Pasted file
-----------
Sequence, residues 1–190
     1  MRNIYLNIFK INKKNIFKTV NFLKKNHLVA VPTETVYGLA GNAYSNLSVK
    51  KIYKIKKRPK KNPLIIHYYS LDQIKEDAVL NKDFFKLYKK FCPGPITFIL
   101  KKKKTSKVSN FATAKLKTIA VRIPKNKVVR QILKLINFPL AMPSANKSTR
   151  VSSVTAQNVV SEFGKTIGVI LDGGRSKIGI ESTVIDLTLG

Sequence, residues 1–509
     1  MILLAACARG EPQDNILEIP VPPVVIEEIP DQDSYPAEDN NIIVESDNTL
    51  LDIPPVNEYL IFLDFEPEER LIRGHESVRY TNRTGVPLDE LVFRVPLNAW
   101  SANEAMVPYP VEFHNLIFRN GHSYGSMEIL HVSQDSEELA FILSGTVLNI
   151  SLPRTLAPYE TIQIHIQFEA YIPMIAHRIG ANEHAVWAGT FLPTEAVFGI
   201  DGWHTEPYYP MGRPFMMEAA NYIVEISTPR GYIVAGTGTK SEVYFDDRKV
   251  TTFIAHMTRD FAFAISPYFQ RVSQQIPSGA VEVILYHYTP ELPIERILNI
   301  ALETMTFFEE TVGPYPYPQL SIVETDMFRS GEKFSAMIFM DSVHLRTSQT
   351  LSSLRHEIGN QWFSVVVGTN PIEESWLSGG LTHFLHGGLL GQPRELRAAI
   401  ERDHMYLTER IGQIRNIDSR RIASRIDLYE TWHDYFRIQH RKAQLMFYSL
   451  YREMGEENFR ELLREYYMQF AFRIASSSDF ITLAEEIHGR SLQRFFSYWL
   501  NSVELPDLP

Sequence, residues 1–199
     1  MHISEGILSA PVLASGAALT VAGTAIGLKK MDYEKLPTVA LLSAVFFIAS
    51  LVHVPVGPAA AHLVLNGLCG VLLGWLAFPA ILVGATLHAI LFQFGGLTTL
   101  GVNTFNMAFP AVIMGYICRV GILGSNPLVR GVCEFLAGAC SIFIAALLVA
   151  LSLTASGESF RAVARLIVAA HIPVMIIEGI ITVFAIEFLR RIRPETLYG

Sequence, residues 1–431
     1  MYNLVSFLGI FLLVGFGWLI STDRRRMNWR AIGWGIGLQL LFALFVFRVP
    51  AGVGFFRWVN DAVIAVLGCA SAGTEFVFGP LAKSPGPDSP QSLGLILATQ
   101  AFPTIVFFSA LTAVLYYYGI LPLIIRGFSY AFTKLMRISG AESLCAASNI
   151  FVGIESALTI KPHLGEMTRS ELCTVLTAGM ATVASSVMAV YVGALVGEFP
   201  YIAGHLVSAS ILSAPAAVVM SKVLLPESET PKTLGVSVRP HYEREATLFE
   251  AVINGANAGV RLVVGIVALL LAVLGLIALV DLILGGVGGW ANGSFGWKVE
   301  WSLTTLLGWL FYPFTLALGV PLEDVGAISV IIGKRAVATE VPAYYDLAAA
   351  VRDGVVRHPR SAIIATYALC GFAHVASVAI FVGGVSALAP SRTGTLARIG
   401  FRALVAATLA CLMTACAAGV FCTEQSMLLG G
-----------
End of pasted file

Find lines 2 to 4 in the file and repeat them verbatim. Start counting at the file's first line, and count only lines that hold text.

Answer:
     1  MRNIYLNIFK INKKNIFKTV NFLKKNHLVA VPTETVYGLA GNAYSNLSVK
    51  KIYKIKKRPK KNPLIIHYYS LDQIKEDAVL NKDFFKLYKK FCPGPITFIL
   101  KKKKTSKVSN FATAKLKTIA VRIPKNKVVR QILKLINFPL AMPSANKSTR